Recently, the IRS released proposed regulations that provide how employers can offer Individual Coverage Health Reimbursement Accounts (ICHRAs) that are considered “affordable” under the Affordable Care Act (ACA). Employers now have the option to contribute funds toward full-time employees’ Individual Coverage Health Reimbursement Accounts (ICHRAs), rather than offer them coverage through an employer-sponsored plan, to meet their obligations under the Affordable Care Act’s (ACA) Employer Mandate. The IRS released regulations which outline how employers can determine the amount they must contribute to ICHRAs so they are considered “affordable” under the ACA.
- IRS proposed regulations outline how ALEs can determine the amount to contribute to ICHRAs to meet their obligations under the Employer Mandate;
- ALEs must contribute enough to an employee’s ICHRA so the cost of self-only coverage under the “lowest cost silver plan on the Exchange” is less than a percentage of their household income (which can be determine using one of the three affordability safe harbors); and
- ALEs can use new proposed safe harbors to determine the applicable “lowest cost silver plan on the Exchange.”
Under the ACA “Employer Mandate,” Applicable Large Employers (ALEs), those with 50+ full time and full-time equivalent employees in the prior year, must offer full-time employees and their dependents affordable, minimum value coverage, or potentially face a penalty.
In June 2019, a final rule was released that created ICHRAs, which allowed ALEs to fulfill their obligation to offer “minimum value affordable coverage” by providing their full-time employees with “affordable” ICHRAs. An ICHRA is considered “affordable” if the cost of purchasing self-only coverage on the lowest cost Marketplace Exchange silver plan (LCSP) minus any employer contribution to the ICHRA was less than a certain percentage of an employee’s household income. For more on ICHRAs (such as notice and COBRA requirements), see our blog.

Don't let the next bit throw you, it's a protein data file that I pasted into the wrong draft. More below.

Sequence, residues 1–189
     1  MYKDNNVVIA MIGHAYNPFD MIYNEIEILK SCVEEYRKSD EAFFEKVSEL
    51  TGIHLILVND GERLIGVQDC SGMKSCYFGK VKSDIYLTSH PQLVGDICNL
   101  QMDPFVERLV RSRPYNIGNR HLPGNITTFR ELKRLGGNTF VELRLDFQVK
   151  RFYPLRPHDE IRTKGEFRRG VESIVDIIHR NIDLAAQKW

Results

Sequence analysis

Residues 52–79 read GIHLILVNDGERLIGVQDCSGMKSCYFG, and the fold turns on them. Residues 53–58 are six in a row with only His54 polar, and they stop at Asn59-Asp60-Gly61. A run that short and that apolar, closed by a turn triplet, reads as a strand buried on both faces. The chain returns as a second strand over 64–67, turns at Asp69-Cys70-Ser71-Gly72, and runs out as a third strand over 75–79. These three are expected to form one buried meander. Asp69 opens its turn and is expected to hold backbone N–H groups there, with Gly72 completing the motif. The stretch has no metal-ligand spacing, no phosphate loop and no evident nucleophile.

The final rule was unclear “how exactly” employers could determine the applicable LCSP and employees’ household income. The newly released IRS regulations provide guidance on how to determine these amounts and meet the affordability standard, as discussed below.
If an ALE decides to offer an ICHRA to satisfy their obligations under the Employer Mandate, they must determine the amount to contribute to the ICHRA so the plan is considered “affordable” for full-time employees.
In 2020, an ICHRA would be “affordable” if:
(Lowest cost Marketplace silver plan self-only coverage) – (Employer ICHRA contributions) < 9.78% x (Employee’s Household Income)
Therefore, in order for employers to determine required contributions, they must first determine the applicable LCSP and employees’ household income. We break down the steps for determining these amounts below.
Percentage of Employee’s Household Income
Under the ACA, coverage is considered affordable to an employee if the cost of employee-only coverage is less than a certain percentage of their household income. This percentage changes annually and for 2020, the cost to employees must be less than 9.78% of their household income.
Since employers may not know employees’ household income, an employer may substitute employees’ household income with a “safe harbor” option, which can include the federal poverty level (FPL), the employee’s rate of pay, or their W-2 (collectively referred to as the general affordability safe harbors).
Employers can use any one of the three safe harbors to determine the maximum cost to employees that would make coverage “affordable” to them.
Federal Poverty Level: If the employer uses the FPL safe harbor to determine employees’ household income, the cost to employees for self-only coverage under the LCSP on the Exchange must be less than $101.79 per month in 2020, which is 9.78% of the federal poverty level ($12,490) divided over 12 months.
Rate of Pay: Employers can use an employee’s hourly or monthly rate of pay to determine their household income. For example, if a salaried employee makes $5,000 per month, the cost to that employee for self-only coverage under the LCSP on the Exchange must be less than $489 per month, which is 9.78% of employee’s $5,000 monthly salary.
W-2: Employers can use the wages listed on an employee’s W-2 to determine employee’s household income. For example, if an employee’s W-2 states that they earned $50,000 that year, the cost to that employee for self-only coverage under the LCSP on the Exchange must be less than $407.50 per month, which is 9.78% of $50,000 divided over 12 months.
Employers can use any one of the three safe harbors when calculating affordability for ICHRAs. In other words, the employer must contribute a certain amount to ICHRAs so the cost to employees fall below 9.78% of their household income, as determined by one of the three safe harbors.